Workplace Discipline

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Workplace discipline is often confused with punishment. The confusion is unnecessary. Workplace discipline protects the Employer and Employee by correcting inappropriate behaviour. Workplace discipline prevents damage.

The Employer can categorise “Inappropriate behaviour” misconduct or incapacity.

The incapacity process involves three (or more) discussions. These discussions focus on the gaps between the current and desired performance of the Employee. The outcomes of the discussions are definite plans to close the gaps in performance. The programs might include more training and coaching. If the employer-employee relationship cannot continue, the Employer must present the evidence to a disciplinary enquiry. The chairperson of the disciplinary enquiry might then give sanction of no-fault dismissal.

For a severe offence (misconduct) the procedure often includes

  1. the evidence hearing,
  2. the verdict hearing
  3. and the sanction hearing.

The term hearing above is interchangeable with Disciplinary Enquiry.

Workplace discipline must be progressive. The Employer must be sure that the Employee knows what the Employer expects. Often, employers don’t follow progressive discipline. The Employer then “jumps” to the worst punishment as the first step. Steps for progressive discipline can include the following:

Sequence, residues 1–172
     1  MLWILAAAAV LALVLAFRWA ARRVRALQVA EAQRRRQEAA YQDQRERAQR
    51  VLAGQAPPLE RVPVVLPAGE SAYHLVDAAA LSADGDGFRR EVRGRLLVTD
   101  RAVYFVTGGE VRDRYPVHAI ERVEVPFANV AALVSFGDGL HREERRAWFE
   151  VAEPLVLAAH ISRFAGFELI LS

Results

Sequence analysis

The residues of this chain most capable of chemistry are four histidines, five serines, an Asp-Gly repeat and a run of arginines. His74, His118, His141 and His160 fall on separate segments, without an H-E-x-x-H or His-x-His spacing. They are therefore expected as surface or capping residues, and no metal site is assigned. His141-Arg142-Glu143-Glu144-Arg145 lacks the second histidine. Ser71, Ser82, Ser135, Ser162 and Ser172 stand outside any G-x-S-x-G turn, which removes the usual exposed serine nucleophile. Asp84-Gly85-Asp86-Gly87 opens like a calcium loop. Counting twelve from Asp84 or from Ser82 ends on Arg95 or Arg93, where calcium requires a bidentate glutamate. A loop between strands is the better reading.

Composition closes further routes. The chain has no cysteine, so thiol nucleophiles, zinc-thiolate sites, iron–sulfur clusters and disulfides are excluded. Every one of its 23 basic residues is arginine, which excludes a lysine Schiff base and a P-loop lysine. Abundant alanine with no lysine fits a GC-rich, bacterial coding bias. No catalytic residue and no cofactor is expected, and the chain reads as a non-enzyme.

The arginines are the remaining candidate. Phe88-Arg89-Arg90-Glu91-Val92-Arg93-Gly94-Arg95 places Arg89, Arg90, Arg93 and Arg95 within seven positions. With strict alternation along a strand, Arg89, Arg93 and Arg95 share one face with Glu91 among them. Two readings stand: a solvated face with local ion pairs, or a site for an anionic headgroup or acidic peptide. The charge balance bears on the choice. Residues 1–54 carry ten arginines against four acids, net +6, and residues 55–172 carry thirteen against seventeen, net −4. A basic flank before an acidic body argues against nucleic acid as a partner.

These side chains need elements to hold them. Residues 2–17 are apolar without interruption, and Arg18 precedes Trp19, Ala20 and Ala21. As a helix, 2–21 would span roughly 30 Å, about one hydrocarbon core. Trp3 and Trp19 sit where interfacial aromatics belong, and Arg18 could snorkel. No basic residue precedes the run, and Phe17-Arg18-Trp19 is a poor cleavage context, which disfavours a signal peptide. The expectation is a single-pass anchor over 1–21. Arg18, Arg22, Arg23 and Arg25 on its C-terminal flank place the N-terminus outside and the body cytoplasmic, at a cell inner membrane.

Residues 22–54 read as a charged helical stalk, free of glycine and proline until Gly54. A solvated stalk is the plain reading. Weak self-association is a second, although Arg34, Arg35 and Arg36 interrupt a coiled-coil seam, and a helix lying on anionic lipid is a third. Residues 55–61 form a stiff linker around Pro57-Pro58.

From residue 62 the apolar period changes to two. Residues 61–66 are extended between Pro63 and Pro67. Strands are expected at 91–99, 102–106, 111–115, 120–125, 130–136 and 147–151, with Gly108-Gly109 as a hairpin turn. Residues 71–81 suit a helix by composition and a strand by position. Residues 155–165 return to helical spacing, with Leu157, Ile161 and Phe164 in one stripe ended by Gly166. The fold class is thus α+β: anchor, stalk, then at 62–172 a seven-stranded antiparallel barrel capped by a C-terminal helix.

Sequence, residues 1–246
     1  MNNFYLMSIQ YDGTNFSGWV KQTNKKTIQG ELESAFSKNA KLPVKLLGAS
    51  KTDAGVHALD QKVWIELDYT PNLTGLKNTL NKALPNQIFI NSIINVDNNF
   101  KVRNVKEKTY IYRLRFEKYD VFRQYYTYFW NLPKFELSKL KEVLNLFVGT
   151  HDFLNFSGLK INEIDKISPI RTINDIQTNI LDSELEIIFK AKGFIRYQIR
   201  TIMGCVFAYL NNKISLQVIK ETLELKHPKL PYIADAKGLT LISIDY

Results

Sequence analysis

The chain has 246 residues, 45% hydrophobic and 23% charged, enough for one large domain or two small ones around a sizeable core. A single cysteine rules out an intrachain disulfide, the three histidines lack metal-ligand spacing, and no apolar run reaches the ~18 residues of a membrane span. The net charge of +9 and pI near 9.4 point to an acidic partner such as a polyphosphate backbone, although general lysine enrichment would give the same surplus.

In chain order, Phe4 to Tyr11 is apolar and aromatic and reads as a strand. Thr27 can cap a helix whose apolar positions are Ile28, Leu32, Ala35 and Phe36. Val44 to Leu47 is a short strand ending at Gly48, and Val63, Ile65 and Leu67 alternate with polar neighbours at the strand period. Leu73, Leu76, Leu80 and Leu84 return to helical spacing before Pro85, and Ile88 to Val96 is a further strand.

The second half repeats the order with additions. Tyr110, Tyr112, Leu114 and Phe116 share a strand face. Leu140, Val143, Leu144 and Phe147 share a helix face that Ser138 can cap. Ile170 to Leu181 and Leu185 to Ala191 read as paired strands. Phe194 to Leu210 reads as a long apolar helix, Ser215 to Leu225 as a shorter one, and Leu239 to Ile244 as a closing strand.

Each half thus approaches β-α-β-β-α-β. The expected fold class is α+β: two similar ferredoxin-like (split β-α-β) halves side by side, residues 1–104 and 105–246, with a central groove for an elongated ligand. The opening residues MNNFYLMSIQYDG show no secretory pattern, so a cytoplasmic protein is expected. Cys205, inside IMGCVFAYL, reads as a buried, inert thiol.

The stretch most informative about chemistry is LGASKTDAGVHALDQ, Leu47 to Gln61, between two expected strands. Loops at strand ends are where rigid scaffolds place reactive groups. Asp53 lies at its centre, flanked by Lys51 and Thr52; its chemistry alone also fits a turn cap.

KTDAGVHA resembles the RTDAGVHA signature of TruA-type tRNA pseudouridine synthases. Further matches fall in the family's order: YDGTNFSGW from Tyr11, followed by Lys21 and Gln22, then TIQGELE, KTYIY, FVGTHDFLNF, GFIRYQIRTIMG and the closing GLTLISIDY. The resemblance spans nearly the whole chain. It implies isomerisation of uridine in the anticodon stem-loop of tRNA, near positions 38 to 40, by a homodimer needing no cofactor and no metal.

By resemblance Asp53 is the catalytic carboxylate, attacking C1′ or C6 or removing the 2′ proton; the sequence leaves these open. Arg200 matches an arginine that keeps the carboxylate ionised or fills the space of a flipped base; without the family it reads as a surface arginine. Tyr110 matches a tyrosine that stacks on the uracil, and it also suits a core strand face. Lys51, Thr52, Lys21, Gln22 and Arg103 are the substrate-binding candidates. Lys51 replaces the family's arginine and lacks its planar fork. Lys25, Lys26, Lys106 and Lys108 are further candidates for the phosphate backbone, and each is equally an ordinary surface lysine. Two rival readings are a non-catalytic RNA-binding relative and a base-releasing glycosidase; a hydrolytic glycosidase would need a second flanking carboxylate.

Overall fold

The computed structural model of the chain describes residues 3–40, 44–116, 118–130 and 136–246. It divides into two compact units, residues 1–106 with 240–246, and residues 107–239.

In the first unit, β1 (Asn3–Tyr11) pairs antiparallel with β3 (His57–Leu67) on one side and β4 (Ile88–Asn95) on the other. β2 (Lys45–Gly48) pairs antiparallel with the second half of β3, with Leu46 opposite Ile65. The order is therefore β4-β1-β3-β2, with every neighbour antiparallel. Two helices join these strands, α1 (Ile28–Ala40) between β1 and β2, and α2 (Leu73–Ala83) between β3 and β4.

1. Training
  2. Coaching
  3. Retraining
  4. Verbal warning
  5. Recorded warning
  6. Written warning
  7. Final written warning
  8. Dismissal.

A disciplinary enquiry is usually only held when the Employer expects a final written warning or dismissal.

The chairperson of the hearing, Employee and Employer must determe whether the following is true:

  1. Is there a rule?
  2. Is the rule known to the Employee?
  3. Is the rule reasonable?
  4. Is the rule applied consistently?
  5. Is the sanction fair?
 

My latest book (I Keep Record of Disciplinary Enquiries) guides the chairperson of the enquiry, Employee and Employer through the disciplinary enquiry. This procedure should prevent procedural unfairness. The other test is substantial fairness. The chairperson can ensure substantial fairness by applying his or her mind and making a desicion on the balance of probability.

Disciplinary Enquiry

 

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